ATI Radeon X1800 XT CrossFire Edition

ATI Radeon X1800 XT CrossFire Edition

X1800XT_CF.jpgATI’s CrossFire technology finally gave ATI a dual-GPU solution. And even as we greeted the Radeon X850 XT CrossFire Edition with a barely stifled yawn, we held out hope that the X1800 XT CrossFire Edition would help the company advance down the field. No such luck.

This is not to say that ATI has completely fumbled the ball: A single 512MB X1800 XT is certainly fast, and pairing one with a CrossFire master card boosts performance anywhere from 24- to 73 percent. It’s just that two X1800 XTs running in CrossFire mode deliver benchmark results that are well behind a pair of nVidia’s 512MB GeForce 7800 GTXs in SLI. And now that nVidia has figured out how to run four GPUs in a single system (turn to the QuickStart section of this issue for the full story), nVidia has moved the goal posts even further.

We think at least part of the performance shortcoming can be attributed to ATI’s own core-logic chipset. We benchmarked the X1800 XT CrossFire solo first in our default test bed—an nForce4 system (an Asus A8N-SLI Deluxe motherboard, a 2.6GHz AMD Athlon 64 FX-55, and 2GB of DDR400 RAM)—and then in an ATI Radeon Xpress 200 environment (using Sapphire Technology’s Pure CrossFire PC-A9RD480 motherboard with an identical CPU and RAM). The card performed about two percent faster in the Asus motherboard.

If you’re not interested in AMD compatibility, ATI has also certified CrossFire for use in motherboards with Intel chipsets. ATI tells us it has also provided some of its system integrator partners with Catalyst drivers that support motherboards with nVidia’s nForce4 chipset. These special drivers are not available to the general public—and ATI doesn’t plan to release them.

Ignoring the negligible two-percent performance deficit between ATI and nVidia chipsets, both X1800 XT cards we tested lagged behind a single 512MB GeForce 7800 GTX running on the same motherboard. The stand-alone Sapphire card was 9.4 percent slower running 3DMark05, for example. Even though ATI’s OpenGL drivers have improved considerably, the Sapphire card ran nearly 22 percent slower than eVGA’s 512MB GeForce 7800 GTX card in Doom 3. Pairing Sapphire’s card with ATI’s X1800 XT master card boosted Doom 3 performance from 60.1fps to 87.2fps, but those frame rates are still 12fps slower than a pair of 512MB 7800 GTX cards in SLI.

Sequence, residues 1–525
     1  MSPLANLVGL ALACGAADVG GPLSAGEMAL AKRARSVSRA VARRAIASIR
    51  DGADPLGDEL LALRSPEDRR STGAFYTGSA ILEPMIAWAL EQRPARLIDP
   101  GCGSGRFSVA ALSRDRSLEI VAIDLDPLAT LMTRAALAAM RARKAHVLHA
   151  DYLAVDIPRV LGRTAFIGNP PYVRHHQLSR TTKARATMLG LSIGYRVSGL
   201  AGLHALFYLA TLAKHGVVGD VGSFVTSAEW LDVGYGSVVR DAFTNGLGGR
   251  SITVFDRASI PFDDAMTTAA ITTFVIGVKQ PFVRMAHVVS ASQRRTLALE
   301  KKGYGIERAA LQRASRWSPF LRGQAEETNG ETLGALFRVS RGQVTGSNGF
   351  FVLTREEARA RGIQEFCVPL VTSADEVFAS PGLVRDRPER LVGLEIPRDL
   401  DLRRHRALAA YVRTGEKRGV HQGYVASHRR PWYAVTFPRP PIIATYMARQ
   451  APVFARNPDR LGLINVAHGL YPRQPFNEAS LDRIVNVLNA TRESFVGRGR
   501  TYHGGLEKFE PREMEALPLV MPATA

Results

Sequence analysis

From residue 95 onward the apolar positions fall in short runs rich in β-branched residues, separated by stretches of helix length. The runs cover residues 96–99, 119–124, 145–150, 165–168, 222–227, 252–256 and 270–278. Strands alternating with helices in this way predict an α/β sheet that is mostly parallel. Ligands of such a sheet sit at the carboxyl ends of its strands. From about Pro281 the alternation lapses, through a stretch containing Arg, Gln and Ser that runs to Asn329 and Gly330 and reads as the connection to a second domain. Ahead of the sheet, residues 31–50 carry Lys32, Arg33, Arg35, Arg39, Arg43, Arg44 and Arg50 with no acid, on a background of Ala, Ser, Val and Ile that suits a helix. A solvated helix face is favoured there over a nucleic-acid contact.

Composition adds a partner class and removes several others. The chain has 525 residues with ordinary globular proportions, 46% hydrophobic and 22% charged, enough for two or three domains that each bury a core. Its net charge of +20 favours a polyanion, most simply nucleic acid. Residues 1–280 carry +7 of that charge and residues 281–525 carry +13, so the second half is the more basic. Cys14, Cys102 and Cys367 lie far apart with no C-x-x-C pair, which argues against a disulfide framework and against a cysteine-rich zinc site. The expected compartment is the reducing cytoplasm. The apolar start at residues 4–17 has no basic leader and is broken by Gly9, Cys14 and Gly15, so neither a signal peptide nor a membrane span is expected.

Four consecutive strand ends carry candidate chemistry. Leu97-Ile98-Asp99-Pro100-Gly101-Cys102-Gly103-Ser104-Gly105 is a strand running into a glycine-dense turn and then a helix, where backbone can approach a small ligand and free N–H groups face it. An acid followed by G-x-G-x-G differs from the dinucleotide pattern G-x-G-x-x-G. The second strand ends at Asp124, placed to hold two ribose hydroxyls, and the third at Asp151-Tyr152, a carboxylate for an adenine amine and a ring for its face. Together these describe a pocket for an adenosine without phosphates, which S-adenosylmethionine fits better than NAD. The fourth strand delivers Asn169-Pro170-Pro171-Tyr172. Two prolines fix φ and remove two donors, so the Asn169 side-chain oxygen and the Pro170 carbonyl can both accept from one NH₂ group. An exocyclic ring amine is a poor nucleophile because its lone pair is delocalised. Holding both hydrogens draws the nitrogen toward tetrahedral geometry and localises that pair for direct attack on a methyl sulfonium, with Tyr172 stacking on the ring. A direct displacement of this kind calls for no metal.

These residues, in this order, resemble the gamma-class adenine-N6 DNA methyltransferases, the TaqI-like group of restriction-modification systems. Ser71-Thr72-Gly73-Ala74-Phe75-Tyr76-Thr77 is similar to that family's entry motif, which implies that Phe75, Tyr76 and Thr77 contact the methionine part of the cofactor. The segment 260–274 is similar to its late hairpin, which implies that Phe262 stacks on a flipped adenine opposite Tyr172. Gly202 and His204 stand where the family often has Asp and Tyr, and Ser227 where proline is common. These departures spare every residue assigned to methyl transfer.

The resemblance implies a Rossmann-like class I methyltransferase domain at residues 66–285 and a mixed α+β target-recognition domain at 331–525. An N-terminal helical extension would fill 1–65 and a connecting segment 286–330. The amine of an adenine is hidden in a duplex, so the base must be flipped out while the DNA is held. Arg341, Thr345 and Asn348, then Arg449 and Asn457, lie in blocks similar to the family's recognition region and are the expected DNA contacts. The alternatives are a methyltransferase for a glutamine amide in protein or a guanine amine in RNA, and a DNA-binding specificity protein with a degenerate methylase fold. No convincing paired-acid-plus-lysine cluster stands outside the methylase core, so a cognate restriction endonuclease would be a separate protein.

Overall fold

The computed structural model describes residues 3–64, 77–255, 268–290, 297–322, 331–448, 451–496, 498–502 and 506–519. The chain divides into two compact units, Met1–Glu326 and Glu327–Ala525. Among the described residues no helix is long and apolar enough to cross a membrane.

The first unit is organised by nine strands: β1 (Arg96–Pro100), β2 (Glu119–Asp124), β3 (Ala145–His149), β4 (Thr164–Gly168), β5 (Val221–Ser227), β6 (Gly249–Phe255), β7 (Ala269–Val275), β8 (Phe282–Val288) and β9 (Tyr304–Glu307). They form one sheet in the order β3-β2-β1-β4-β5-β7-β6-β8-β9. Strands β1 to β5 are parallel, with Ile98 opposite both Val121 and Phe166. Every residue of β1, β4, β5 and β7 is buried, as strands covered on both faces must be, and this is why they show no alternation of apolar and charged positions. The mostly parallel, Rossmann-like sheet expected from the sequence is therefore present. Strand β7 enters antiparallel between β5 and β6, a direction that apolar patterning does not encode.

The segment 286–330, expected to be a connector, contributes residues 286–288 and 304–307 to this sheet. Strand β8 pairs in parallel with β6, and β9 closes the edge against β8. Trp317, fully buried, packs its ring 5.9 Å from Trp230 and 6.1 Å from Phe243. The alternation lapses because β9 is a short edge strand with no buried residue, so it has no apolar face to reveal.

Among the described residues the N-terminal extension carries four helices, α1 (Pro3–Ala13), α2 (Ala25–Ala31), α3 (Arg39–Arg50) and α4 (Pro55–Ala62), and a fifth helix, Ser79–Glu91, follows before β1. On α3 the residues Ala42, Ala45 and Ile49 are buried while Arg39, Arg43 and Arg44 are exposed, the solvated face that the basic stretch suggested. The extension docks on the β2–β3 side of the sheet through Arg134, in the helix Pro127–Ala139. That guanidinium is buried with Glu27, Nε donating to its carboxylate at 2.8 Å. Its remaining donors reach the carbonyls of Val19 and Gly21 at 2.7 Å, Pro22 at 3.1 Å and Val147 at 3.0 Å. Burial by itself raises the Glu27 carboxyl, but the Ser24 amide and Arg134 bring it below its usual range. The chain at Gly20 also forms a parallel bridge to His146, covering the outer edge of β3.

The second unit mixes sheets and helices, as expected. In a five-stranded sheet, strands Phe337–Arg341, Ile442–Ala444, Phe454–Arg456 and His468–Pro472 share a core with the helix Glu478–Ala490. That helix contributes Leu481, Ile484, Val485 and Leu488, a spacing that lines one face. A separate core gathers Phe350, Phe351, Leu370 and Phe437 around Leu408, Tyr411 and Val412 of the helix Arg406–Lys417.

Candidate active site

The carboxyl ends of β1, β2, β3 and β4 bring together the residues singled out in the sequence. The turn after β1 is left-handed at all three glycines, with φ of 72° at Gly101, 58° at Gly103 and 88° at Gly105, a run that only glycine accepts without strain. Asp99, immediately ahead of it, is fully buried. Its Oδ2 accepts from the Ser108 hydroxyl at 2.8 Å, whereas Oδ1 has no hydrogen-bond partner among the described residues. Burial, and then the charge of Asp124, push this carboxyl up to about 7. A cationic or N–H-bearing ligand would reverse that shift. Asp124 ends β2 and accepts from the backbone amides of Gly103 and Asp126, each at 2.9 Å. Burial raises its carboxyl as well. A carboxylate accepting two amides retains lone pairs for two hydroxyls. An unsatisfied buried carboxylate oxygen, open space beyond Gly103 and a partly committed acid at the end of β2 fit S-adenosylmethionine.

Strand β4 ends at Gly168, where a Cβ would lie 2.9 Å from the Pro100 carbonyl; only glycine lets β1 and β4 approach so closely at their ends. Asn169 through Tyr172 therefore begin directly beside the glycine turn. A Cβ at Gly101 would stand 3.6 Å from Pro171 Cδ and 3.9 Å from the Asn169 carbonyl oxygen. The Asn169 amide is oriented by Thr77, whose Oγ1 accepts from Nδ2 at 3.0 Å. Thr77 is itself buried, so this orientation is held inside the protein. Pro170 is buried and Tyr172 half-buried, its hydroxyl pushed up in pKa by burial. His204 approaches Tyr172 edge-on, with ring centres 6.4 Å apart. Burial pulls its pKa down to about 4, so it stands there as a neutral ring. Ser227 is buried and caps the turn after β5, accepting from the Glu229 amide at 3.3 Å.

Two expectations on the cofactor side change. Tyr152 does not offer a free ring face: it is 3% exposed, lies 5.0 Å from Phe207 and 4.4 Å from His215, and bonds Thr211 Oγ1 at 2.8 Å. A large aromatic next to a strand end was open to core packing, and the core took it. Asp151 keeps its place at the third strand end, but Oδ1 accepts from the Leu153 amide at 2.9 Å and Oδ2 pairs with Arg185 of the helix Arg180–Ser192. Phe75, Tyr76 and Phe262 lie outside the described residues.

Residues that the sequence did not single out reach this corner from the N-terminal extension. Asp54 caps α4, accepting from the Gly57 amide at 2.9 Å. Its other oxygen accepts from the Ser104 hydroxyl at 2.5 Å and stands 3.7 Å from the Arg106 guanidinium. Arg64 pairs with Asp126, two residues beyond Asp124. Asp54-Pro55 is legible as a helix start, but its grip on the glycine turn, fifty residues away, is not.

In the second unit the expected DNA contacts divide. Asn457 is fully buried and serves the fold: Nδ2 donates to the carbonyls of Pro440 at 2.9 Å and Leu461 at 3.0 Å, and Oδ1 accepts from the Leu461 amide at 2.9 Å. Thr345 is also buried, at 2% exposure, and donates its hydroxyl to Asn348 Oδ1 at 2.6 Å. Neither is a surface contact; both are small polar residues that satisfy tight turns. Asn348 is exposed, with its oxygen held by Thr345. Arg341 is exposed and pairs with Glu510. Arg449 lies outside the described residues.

ATI stacks up better when you compare two 512MB X1800 XT cards running in CrossFire mode to two 256MB 7800 GTX cards running in SLI. The eVGA eGeForce 7800 GTX KO boards we tested were not significantly faster than the ATI/Sapphire pairing in most tests, and the CrossFire system’s 3DMark05 score topped that of the SLI rig by nearly 3 percent.

Returning to the subject of drivers, ATI makes it easy for anyone to overclock an XT-class videocard right from within Catalyst Control Center. Once you’ve unlocked the card using ATI’s OverDrive tool, you can initiate an automated software routine that measures the system’s tolerance for overclocking and then sets up what it considers to be safe parameters for overclocking the GPU and memory. In our tests, OverDrive increased the card’s core clock from 594MHz to 624MHz, and the DDR3 memory’s clock speed from 693MHz to 797MHz.

ATI is also finally delivering on some of its promises about Avivo video technology. Our early hands-on experience with ATI’s X1000-series of videocards left us wondering if the Avivo demos we’d seen were little more than smoke and mirrors, but the latest Catalyst drivers have dissolved much of our skepticism: The X1800 XT’s HQV benchmark scores are now far superior to those of nVidia’s cards. And ATI tells us there are more improvements to come.

CrossFire’s external cabling arrangement still strikes us as a kludge, but if having a pair of videocards with a gigabyte of video memory is essential for your next rig, the X1800 XT CrossFire could be a worthwhile alternative to nVidia’s 512MB 7800 GTX boards, especially if ATI can actually produce the boards in any appreciable quantity (finding 512MB nVidia boards continues to be as futile as looking for bones in ice cream). And if video decoding is your crucial videocard application, ATI’s Avivo software is now the best solution—and it’s free (nVidia’s PureVideo software costs an additional $20).
Michael Brown

Month reviewed: March 2006

+ DUAL EXHAUST: Provides a solid upgrade path for X1800 owners. ATI makes overclocking nearly foolproof.

- EXHUAST FUMES: The CrossFire cables are a pain, and the cards aren't nearly as fast as those based on nVidia's technology.

Verdict: 8





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